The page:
The two-day visit by Mohammad Javad Zarif, the Iranian regime’s Foreign Minister, to Sweden on August 20-21 was met with stormy protests by supporters of the Iranian opposition living in Sweden.
Iranian protesters spoke out loudly against the Iranian regime’s human rights violations, the murder of dissidents in Iran, and suppression of women, rights activists and religious minorities. They denounced Stockholm’s acceptance of the foreign minister of the mullahs’ terrorist regime and demanded his expulsion from Sweden.
“Zarif, get lost!” chanted Iranian protesters. They cried out, “Zarif is a murderer and enemy of all Iranians,” “Zarif is a murderer, talks with him are unacceptable,” “Zarif is a charlatan and enemy of the people of Iran” and “Zarif is a terrorist murderer.”
The exiled Iranians defended and echoed the stifled voice of millions of Iranian suffering under the mullahs’ dictatorship. Many of the protesters were survivors of families persecuted by Iran’s regime.
However, they were violently treated by the Swedish police.
A number of women were among 50 Iranian protesters who were beaten up and arrested by the police. They included prominent Iranian women’s rights activists, former political prisoners, and families of victims of the 1988 massacre.
The violent treatment of Iranian pro-democracy protesters by the Swedish police took place while the Foreign Minister of the world’s top state sponsor of terrorism was treated as a guest at the Foreign Ministry building in Stockholm.
He was further given a platform at the Stockholm International Peace Research Institute (SIPRI) where he threatened the world with “unpredictability” in response to “unpredictable” U.S. policies.
Additionally, he threatened the opposition protesters with murder in an interview with the Iranian regime’s state-run Press TV network on August 21. He said the protesters “would not stay alive for a minute” if they were caught by the regime’s agents.
The protest in Stockholm led to the cancellation of a joint press conference by Zarif and the Swedish Foreign Minister, Margot Wallström.
Appearing solo in front of the press, Margot Wallström denied having invited Zarif to Sweden, saying he had come at his own request to visit Nordic countries.
Under fire, Ms. Wallström tried to justify her meeting with Javad Zarif by criticizing the regime’s record of executions and detentions of women’s rights advocates, labor and human rights activists, and religious minorities. She also stressed that the Iranian regime must comply with all its obligations under the 2015 international nuclear deal (JCPOA) and immediately release the British-flagged oil tanker Stena Impero.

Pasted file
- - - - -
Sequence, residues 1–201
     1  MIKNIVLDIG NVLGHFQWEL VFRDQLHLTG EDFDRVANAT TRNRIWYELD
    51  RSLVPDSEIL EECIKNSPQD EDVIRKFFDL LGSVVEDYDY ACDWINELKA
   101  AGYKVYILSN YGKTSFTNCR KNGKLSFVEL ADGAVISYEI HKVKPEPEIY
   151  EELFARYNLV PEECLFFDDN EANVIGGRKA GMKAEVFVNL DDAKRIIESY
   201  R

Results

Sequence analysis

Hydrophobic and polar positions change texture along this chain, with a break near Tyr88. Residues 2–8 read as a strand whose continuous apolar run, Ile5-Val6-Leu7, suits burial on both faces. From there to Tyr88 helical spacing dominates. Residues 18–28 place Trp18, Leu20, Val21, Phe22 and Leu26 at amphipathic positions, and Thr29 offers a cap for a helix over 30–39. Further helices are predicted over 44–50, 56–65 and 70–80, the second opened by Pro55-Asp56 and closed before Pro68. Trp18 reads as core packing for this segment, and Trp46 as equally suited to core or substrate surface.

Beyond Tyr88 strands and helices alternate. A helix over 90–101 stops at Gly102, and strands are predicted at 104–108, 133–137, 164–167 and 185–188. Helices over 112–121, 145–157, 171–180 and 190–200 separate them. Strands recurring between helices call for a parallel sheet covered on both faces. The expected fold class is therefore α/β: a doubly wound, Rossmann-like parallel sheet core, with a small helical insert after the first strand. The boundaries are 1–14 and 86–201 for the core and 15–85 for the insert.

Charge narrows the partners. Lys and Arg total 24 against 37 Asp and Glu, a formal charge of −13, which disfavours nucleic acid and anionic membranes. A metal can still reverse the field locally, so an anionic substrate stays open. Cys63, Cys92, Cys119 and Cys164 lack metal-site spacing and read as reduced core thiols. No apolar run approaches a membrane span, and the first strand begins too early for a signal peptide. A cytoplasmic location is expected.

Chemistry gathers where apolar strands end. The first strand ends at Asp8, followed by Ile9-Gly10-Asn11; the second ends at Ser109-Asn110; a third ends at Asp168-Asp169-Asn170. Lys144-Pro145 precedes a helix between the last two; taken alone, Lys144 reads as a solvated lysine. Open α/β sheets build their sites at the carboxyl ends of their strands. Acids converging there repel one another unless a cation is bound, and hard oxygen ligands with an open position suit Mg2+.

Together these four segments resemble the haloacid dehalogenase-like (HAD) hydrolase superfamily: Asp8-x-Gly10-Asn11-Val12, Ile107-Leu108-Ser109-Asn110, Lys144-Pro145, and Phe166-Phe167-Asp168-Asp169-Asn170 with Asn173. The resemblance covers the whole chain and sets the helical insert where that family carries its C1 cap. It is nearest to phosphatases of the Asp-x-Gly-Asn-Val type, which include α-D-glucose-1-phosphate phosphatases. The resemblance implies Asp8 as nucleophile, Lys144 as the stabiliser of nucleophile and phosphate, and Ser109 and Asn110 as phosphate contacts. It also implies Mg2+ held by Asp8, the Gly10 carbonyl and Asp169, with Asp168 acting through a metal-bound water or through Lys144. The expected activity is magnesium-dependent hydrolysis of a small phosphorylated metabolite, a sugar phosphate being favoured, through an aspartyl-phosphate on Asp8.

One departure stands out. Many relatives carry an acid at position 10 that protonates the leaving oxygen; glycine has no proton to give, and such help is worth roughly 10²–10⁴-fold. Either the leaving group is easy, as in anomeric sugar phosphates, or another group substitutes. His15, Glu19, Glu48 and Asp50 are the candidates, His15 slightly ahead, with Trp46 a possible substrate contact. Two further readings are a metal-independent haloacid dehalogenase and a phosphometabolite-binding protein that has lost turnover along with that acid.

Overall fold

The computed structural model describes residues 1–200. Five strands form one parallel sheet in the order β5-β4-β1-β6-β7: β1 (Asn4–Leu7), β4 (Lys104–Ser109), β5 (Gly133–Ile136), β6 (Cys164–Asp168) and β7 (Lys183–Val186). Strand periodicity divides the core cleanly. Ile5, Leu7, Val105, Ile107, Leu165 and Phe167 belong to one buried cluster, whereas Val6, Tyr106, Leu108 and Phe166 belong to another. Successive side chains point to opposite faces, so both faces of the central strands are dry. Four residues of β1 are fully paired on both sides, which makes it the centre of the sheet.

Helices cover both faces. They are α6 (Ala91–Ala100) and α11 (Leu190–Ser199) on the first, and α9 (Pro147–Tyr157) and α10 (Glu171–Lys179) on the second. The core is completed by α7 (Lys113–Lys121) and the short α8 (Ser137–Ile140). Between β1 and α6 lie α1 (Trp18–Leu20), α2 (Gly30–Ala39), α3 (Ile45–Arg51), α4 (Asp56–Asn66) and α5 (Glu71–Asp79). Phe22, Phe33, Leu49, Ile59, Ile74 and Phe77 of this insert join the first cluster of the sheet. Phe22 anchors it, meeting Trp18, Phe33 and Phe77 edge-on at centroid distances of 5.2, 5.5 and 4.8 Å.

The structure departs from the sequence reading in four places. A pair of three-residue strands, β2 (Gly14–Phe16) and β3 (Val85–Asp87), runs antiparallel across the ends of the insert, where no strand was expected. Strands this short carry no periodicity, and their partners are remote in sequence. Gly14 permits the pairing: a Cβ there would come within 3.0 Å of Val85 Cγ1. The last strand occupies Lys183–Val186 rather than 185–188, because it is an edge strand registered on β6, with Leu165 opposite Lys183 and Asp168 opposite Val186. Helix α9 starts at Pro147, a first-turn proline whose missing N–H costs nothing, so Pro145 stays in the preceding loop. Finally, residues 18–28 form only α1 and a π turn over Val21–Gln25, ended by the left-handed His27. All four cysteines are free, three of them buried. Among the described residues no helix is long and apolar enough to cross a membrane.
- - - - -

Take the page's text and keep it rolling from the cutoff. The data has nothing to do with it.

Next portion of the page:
The U.S. Treasury Department imposed sanctions on Zarif just three weeks ago for his role as a key enabler of the Iranian regime’s policies in the region and the world. The U.S. State Department called him the chief apologist of the regime, who is “just as complicit in the regime’s outlaw behavior as the rest of Khamenei’s mafia.”
Zarif’s remarks at Stockholm’s peace institute, menacing global peace, and threatening Iranian protesters in Stockholm to death, are good indications of what is taking place in the Iranian regime’s prisons and torture chambers and of the treatment of dissidents and political prisoners in Iran.
They further reveal that receiving the mullahs’ Foreign Minister emboldens the regime to engage in terrorism, murder and warmongering, counter to the interests of the Iranian people, who are seeking regime change and the establishment of democracy and popular sovereignty in Iran.
In a meeting at Ashraf 3, Albania, home to thousands of members of the main democratic Iranian opposition People’s Mojahedin Organization of Iran (PMOI, Mujahedin-e Khalq or MEK) on July 14, 2019, Swedish jurist and former member of parliament, Kenneth Lewis said, “Our Foreign Minister last year visited Tehran. A foreign minister, a woman who represents a feminist foreign policy, goes to Iran to sell trucks and construction equipment and even puts on a chador.”
“With this, I want to say that there are still a lot of people in Europe who have not understood that appeasement is not the way forward. A country like Sweden who claim that they are defending human rights are more interested in selling their trucks and don’t care really about human rights when it comes down to the final analysis.”
The protest by Iranians in Sweden against the presence of Zarif received widespread coverage in Swedish media.
Sweden’s Channel 1 TV broadcast a report about the rally against Zarif’s presence in Stockholm.
“Don’t negotiate with murderers,” the protesters chanted during the demonstration outside the Swedish Foreign Ministry building on Wednesday.
Sweden’s Channel 2 TV also reported that while Zarif’s meeting sought to find a solution to salvage the 2015 nuclear deal, his meeting with the Swedish Foreign Minister became the target of a wave of criticism.
The Expressen, one of Sweden’s two nationwide evening newspapers, also covered Zarif’s visit to downtown Stockholm and the Iranian dissidents’ demonstration. Swedish police had blocked roads around the Foreign Ministry from 9 am local time to block the protesters from the Gustav Adolf Square. However, the protesters launched a demonstration at 9:30 am and while the police were attacking their ranks with batons, they continued to protest and strongly criticize Zarif’s visit.